Rocky V Almost Had A Different, More Tragic Ending

In 1976, an unknown actor named Sylvester Stallone introduced the world to Rocky Balboa and his eternal struggle to prove himself. The story of a down-and-out underachiever going toe-to-toe with the world's greatest boxer charmed audiences and propelled Stallone into a long career of portraying heroic, larger-than-life characters. Even after playing the lead character in classics like "First Blood" and "Demolition Man," Sly's most popular character will always be Balboa.

After falling in love with Rocky in the first film, audiences followed the southpaw through five more films, where he battled a slew of increasingly large and violent opponents. Balboa doesn't win every fight, but he always dedicates himself to the pursuit of victory and provides audiences with an inspiring, feel good story. However, after four films of this formula, Stallone was ready for a change.

According to CBS Philadelphia, Stallone initially killed the lovable underdog in "Rocky V," but the studio wouldn't allow the hero to die.

Why Rocky was successful

"Rocky" is all about an underachieving boxer from the wrong side of the tracks who decides to put it all on the line and contend with the world's best boxer. On top of relatable characters and a classic hero's journey story structure, the film succeeded by tapping into universal themes of adversity and courage through the eyes of an ultimate underdog. Stallone made this formula work longer than it should have. Along with fighting, Rocky's greatest skill is attracting large boxers with violent streaks, and that's exactly what he does for the first four movies.

After beating Apollo Creed (Carl Weathers) in the second film, Balboa becomes the hHeavyweight champion of the world, and should no longer fit the underdog stereotype. He lives in a swanky neighborhood, owns nice cars, and wears fancy clothes. But nobody wants to watch a movie about a spoiled, rich boxer, so Stallone continued to create bigger and meaner opponents for the champ. After defeating Apollo, he takes on trash-talking Clubber Lang (Mr. T) in "Rocky III" before facing his biggest opponent yet, Ivan Drago (Dolph Lundgren), in "Rocky IV."

Despite its repetitiveness, "Rocky" fans continued to enjoy the underdog template, and each new film grossed more than the last. But Stallone grew bored of the same storyline. In "Rocky V," Balboa learns he has permanent brain damage from his fight with Drago, and that continuing a boxing career could kill him. The typical underdog formula would find a way out of this and see Rocky win one last time, but Stallone decided to shake things up and kill his most successful character.

Rocky's near-death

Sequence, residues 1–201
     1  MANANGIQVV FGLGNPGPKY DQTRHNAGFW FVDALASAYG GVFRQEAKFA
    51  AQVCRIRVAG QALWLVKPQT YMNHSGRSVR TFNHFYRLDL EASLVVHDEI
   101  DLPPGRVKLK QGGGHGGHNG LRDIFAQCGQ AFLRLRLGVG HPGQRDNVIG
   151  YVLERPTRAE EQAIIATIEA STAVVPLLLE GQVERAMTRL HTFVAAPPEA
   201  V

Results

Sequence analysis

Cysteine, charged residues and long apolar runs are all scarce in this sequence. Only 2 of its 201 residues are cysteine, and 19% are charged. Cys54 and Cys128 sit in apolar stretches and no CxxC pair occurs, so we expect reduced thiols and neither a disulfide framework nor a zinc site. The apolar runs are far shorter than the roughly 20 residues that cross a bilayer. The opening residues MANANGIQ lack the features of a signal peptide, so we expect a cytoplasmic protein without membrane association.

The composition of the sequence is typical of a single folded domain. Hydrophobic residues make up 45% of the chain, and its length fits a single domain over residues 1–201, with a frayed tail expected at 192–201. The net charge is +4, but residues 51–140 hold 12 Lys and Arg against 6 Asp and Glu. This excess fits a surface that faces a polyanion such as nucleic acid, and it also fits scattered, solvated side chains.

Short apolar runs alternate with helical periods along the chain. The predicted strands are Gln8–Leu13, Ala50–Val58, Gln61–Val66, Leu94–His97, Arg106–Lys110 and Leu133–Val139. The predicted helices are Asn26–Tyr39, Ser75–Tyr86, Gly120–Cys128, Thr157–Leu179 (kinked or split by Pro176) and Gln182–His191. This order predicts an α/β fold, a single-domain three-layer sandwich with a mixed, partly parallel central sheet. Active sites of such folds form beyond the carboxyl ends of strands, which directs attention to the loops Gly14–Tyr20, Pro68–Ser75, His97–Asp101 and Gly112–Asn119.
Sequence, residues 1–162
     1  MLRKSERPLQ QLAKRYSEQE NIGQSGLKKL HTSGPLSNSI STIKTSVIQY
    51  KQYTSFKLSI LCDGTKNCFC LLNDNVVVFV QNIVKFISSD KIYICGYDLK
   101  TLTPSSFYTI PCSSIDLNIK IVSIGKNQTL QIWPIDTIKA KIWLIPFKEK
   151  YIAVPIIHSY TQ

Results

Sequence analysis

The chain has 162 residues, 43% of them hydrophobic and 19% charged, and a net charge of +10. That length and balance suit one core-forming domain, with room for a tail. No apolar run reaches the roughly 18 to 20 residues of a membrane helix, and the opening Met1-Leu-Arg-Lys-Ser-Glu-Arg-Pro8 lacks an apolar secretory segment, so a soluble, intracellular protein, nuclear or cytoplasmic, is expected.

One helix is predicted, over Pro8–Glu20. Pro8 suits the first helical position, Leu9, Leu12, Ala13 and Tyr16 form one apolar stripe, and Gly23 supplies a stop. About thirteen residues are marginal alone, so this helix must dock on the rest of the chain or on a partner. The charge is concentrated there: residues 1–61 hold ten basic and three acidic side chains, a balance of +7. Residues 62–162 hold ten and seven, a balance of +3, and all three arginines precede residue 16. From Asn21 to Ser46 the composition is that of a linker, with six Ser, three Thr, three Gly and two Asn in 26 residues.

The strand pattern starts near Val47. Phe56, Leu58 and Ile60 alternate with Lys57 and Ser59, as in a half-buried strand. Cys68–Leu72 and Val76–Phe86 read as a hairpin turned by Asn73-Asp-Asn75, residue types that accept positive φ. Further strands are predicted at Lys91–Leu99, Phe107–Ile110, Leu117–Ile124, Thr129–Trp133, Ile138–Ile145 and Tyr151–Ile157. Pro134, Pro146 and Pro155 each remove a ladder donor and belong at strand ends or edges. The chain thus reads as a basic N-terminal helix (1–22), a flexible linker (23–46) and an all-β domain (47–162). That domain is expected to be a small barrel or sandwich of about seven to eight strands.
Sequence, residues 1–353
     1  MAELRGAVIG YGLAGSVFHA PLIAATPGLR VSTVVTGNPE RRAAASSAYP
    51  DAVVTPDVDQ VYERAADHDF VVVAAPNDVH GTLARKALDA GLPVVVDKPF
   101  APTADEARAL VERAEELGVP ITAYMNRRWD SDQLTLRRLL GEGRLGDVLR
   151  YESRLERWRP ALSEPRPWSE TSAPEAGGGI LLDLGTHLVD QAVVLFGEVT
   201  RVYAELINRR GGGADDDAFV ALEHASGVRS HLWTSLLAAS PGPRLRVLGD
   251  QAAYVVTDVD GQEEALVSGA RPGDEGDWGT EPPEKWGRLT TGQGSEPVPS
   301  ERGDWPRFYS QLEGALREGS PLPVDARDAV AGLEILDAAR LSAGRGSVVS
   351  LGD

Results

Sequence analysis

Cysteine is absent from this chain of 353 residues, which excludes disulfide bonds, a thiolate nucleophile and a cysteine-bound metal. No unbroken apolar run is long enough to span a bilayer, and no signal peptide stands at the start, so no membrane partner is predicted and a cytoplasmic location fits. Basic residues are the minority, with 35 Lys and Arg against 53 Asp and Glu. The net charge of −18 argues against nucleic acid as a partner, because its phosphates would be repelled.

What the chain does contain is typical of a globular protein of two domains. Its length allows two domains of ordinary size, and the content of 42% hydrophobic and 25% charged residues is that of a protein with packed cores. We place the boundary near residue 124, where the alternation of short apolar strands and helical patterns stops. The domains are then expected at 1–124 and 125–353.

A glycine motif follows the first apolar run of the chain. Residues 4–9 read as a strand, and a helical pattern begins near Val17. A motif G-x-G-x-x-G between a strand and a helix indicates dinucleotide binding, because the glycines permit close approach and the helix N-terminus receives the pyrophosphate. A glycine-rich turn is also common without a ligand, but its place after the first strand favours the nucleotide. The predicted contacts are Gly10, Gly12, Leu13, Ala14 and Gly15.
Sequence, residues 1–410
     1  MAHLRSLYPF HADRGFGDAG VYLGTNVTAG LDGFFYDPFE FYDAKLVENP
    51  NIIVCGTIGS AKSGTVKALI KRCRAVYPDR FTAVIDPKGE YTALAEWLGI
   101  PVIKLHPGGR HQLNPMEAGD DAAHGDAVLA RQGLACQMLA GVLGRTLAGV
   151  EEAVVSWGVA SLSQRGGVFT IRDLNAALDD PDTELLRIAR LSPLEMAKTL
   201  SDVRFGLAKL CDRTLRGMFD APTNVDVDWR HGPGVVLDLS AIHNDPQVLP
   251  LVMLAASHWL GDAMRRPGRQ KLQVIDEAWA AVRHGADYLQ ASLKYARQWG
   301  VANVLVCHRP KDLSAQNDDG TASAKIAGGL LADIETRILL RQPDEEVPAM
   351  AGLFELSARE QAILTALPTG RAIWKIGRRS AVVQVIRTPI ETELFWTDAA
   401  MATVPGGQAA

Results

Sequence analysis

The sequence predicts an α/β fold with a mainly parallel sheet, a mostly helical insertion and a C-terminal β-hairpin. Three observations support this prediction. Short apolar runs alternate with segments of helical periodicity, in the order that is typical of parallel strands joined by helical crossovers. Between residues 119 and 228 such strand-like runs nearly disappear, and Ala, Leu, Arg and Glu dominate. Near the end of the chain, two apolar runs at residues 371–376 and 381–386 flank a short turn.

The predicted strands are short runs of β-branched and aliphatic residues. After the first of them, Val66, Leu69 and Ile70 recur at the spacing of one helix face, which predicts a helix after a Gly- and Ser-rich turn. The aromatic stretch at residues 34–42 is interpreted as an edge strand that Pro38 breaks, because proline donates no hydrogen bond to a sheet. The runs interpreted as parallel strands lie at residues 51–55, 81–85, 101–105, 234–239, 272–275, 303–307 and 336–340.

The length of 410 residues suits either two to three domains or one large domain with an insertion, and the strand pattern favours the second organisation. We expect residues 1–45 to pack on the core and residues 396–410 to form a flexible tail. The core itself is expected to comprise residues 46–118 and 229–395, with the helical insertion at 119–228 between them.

In "Rocky V," Balboa retires from boxing and begins training an up and coming fighter, Tommy Gunn (Tommy Morrison). Although the young boxer has some success, the press are more interested in Rocky, which drives Gunn away from Rocky. In the ultimate macho display, Gunn and Rocky end up settling their differences in a street fight, which Rocky wins. But this wasn't Stallone's original idea.

The original script ended with a severely injured Balboa dying in Adrian's lap on the way to the hospital. Reportedly, Stallone cried and battled nausea while writing the scene, but was fully committed to ending the franchise and the Balboa character. The film's director, John G. Avildsen, told CBS Philadelphia that he was also a fan of the ending:

"And the last scene of the movie, Adrian comes out of the hospital and there's the world press assembled because Rocky then is a big deal and she announces that he is dead, but as long as people believe in themselves Rocky['s] spirit will live forever. And when I read that I said, 'Wow what a great way to go out. What a beautiful ending!'"

A few weeks into filming, studio executives put the kibosh on Balboa's death:

"A couple of weeks into the shooting I got a call from the head of the studio and they said, 'Oh by the way Rocky's not going to die. Batman doesn't die, Superman, James Bond, these people don't die.'"

So Balboa lived, but "Rocky V" flopped and is widely considered the worst film of the entire franchise. Winning a street fight against a cocky, young fighter pales in comparison to defeating worthy opponents like Creed, Clubber Lang, and Ivan Drago. The fairytale ending seems forced, predictable, and far less triumphant than all the others.

Let underdogs die

The entertainment industry has a long history of successful underdogs (even one who dabbles in boxing) because audiences love a dark horse. However, the reason we root for the underdog is because we know the rug can be pulled out from underneath them at any moment, and the odds of them ending up landing on their back are very high. Watching Rocky continue to get knocked down and get back up again filled audiences with the warm and fuzzies, but the character lost his spark when studio executives began seeing him as Superman.

Rocky's death was avoided because the purse holders tried to turn Rocky into a superhero. It's an understandable desire, since modern superhero movies tend to be crowd-pleasers and make ridiculous amounts of money, but no one wants to see Rocky in tights and a cape. Moviegoers prefer to keep Rocky a classic underdog who strives to be better, stronger, and faster — the determined dark horse who, despite his best efforts, will never achieve super speed, invulnerability, or any other super power.

Audiences like Rocky swollen and bloody, and, if the box office receipts of "Rocky V" are anything to go by, they might have actually liked him better dead.